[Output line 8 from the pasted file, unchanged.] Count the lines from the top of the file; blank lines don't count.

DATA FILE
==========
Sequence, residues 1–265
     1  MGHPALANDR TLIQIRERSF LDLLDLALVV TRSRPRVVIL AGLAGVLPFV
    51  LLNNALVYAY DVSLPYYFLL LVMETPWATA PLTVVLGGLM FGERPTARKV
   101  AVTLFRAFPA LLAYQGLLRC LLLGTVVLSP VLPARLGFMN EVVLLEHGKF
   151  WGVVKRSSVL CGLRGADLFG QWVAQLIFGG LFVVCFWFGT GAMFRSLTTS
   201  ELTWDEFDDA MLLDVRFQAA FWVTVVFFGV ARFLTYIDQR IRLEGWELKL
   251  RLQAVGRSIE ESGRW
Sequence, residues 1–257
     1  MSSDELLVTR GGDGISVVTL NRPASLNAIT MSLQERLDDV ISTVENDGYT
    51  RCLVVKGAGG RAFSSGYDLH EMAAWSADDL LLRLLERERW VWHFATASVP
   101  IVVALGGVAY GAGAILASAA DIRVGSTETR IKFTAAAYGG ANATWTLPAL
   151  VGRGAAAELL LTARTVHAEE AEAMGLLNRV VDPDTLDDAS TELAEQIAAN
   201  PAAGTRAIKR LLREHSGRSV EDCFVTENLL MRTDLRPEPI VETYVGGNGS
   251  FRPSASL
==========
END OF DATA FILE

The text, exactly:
Sequence, residues 1–257